Wii Sports Changes Way the World Plays Video Games

wiisports1When Nintendo revealed its first game for the Wii at the E3 in 2006, entitled Wii Sports, the entire gaming community was set ablaze. Implementing the latest motion-sensing technology, Wii Sports gives gamers the freedom to actually throw a bowling ball, swing a tennis racket, baseball bat, golf club or throw a jab, in the privacy of their own home, rather than pressing a button, creating a one of a kind experience that not only serves as a great pack-in title with the Nintendo Wii, but forever changes the way people think about video games.

While Wii Sports only consists of five mini-games: bowling, tennis, baseball, golf and boxing, each game has its own charm and group of gameplay modes associated with it that provide hours of venerable gameplay. For instance, not only can you bowl a full 10-frame game in Wii Bowling, but you can also play a spare-pick up mini-game and a power-throwing mini-game that are both challenging and extremely fun. Wii Boxing also sports some pretty interesting game modes, such as a “destroy the heavy bag” mini-game and a target punching mode that use both the Wii remote and nunchuck accessory, providing a good change of pace from the other games on the disc.

Unfortunately, there aren’t really any rewards for succeeding in any of the games; however, they are addicting, as after a few go-rounds, gamers will be in awe of just how responsive the Wii remote is, responding to their every move.

Just how responsive you ask? The use of the Wii remote in Wii Sports is so innovative, fluid and enjoyable that it will make the non-athletic want to play these games in real life and will turn people who you never thought would touch a video game in their lives into addicts.

This is accomplished even further by the implementation of Nintendo Mii’s [creatable characters that are used in selected Nintendo Wii games] in Wii Sports. Now, the gamer can take the fun a step further and create themselves and see a cyber version of themselves perform their actions on the television while they perform them in the real world. This may not sound like such a big deal, but to the casual gamer, this may be worth the price of admission alone.

However, despite all the fun you’ll be having by yourself playing the game, Wii Sports is at its best when played with two or more people. Bowling is easily the best multi-player game on the disc, but playing doubles in tennis or a head-on game of baseball are great ways of killing massive amounts of time. On the whole, the multi-player elements in Wii Sports provide an entirely new gameplay experience that can stand tall by themselves if need be.

Wii Sports unfortunately does have a few drawbacks, however. A few of the games, most notably boxing and baseball, don’t have the same depth of golf and bowling, as both games are only three rounds or innings long and in the case of baseball, games can actually end in tie. Some may feel these are small blemishes on an amazing group of games that is forgivable, but hardcore gamers may feel a bit disappointed that the extra work needed to make these games perfect was put into them.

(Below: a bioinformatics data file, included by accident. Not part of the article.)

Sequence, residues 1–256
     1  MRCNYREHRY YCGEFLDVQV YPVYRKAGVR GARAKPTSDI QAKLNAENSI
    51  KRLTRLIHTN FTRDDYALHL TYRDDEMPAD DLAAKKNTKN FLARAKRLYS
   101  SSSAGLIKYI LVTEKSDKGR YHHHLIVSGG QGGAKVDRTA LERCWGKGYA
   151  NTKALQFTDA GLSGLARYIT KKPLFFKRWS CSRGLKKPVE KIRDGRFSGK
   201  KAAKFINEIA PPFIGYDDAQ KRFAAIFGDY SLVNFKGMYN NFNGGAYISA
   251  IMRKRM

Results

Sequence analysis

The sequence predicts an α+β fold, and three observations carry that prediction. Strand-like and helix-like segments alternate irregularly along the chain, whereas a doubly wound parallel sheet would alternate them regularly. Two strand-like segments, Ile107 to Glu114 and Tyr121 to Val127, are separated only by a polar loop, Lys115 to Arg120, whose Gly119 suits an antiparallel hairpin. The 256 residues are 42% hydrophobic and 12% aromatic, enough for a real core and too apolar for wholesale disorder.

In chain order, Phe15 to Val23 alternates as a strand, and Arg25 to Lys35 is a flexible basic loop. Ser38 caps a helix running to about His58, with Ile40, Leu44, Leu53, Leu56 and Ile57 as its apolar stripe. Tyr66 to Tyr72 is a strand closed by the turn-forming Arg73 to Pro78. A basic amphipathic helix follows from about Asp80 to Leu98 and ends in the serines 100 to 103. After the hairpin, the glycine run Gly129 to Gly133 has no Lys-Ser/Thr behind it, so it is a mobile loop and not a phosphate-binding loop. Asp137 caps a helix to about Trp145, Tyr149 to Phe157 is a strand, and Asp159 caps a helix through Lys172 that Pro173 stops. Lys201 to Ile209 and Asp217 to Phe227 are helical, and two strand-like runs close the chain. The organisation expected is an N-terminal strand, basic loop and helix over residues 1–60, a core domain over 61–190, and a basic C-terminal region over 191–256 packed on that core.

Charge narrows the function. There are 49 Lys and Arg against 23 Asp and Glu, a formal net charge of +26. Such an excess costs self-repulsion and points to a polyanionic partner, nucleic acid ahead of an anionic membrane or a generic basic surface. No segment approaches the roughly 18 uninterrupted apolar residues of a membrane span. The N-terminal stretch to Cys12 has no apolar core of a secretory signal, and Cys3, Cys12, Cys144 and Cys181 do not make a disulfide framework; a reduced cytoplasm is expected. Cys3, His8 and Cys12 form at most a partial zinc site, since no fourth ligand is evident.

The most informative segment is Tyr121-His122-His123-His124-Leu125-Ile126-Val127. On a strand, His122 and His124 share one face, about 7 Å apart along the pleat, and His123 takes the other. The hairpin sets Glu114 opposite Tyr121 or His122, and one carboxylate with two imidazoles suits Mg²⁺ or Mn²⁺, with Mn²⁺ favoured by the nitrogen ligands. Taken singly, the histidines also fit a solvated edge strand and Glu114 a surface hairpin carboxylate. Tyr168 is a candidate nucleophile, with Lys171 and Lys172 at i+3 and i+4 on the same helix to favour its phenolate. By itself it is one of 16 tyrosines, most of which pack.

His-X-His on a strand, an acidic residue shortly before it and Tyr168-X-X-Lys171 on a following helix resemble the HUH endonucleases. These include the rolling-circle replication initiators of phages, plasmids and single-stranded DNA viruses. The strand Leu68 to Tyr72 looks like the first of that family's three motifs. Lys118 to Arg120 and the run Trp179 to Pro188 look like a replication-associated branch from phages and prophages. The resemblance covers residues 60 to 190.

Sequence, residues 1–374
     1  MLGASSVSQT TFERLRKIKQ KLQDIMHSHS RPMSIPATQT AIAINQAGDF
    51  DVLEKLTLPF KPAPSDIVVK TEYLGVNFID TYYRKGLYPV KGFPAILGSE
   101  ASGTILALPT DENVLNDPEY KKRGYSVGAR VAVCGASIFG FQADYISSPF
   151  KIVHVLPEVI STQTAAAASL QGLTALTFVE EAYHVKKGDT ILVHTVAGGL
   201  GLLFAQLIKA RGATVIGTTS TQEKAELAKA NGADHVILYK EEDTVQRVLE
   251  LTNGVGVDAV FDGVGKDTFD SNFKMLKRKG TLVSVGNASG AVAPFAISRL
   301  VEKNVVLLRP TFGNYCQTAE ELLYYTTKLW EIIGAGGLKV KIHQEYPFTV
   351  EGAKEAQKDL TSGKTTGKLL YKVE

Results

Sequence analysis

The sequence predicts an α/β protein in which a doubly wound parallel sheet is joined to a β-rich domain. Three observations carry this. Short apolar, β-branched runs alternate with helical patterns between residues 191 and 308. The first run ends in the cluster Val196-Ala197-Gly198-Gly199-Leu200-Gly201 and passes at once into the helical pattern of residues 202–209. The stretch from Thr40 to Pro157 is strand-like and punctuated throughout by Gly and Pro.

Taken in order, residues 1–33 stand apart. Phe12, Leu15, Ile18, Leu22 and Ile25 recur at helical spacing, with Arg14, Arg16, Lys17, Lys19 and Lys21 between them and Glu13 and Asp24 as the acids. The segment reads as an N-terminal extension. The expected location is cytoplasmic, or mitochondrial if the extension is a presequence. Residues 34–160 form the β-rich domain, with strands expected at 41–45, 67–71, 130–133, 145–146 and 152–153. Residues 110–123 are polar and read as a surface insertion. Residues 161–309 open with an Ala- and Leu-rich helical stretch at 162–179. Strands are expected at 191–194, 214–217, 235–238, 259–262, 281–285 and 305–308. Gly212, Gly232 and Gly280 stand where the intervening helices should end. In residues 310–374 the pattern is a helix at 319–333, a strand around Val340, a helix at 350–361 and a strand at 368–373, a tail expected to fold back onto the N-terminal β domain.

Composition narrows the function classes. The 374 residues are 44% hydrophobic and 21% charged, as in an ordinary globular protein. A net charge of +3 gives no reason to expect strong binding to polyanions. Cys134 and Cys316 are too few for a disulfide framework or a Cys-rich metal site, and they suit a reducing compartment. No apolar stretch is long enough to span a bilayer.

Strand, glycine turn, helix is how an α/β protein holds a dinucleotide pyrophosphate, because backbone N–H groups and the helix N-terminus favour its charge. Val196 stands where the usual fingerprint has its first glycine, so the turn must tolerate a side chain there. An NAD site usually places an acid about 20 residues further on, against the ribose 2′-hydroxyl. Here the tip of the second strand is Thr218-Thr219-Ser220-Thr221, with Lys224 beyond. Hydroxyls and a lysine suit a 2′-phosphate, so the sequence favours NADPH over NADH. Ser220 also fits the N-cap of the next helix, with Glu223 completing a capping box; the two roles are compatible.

As well, despite the flat-out fun you’ll have playing Wii Sports, playing these games for hours on end will definitely take a toll on your body and gamers [especially out of shape ones] should be advised to take it slow and steady. Aside from that, the sky’s the limit for any gamer looking for a good time with this title.

Aside from these small imperfections and nuances, Wii Sports is a must own title and is a great launching pad for anyone who thinks video games aren’t for them. Creating a completely new genre of video games that will be imitated for years to come, Nintendo has brought out all the stops with this one and have done the impossible in creating a game that a middle-aged mother or father will want to play more his video game-addict son or daughter.

Be warned.

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About Patrick Hickey Jr. 10100 Articles
Patrick Hickey Jr. is the Founder, Editor-in-Chief, Master Jedi and Grand Pooh-bah of ReviewFix.com and is the author of the book, "The Minds Behind the Games: Interviews with Cult and Classic Video Game Developers," from leading academic and non-fiction publisher McFarland and Company. He is currently the Assistant Director of the Journalism Program at Kingsborough Community College and is a former News Editor at NBC Local Integrated Media and a National Video Games Writer at the late Examiner.com. He has also had articles and photos published in The New York Times, The New York Daily News, Complex and The Syracuse Post-Standard. Love him. Read him.

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